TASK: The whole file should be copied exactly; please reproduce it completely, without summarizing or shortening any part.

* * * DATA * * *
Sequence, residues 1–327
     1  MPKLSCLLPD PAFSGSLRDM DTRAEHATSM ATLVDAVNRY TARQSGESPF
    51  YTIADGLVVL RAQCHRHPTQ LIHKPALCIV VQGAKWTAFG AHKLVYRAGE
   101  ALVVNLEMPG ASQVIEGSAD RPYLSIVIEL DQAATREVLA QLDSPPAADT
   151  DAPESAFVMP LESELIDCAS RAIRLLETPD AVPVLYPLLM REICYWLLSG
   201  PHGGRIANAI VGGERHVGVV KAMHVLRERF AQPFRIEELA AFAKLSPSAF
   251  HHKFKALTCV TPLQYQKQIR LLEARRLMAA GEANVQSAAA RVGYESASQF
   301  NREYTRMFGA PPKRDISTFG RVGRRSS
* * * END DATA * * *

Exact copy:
Sequence, residues 1–327
     1  MPKLSCLLPD PAFSGSLRDM DTRAEHATSM ATLVDAVNRY TARQSGESPF
    51  YTIADGLVVL RAQCHRHPTQ LIHKPALCIV VQGAKWTAFG AHKLVYRAGE
   101  ALVVNLEMPG ASQVIEGSAD RPYLSIVIEL DQAATREVLA QLDSPPAADT
   151  DAPESAFVMP LESELIDCAS RAIRLLETPD AVPVLYPLLM REICYWLLSG
   201  PHGGRIANAI VGGERHVGVV KAMHVLRERF AQPFRIEELA AFAKLSPSAF
   251  HHKFKALTCV TPLQYQKQIR LLEARRLMAA GEANVQSAAA RVGYESASQF
   301  NREYTRMFGA PPKRDISTFG RVGRRSS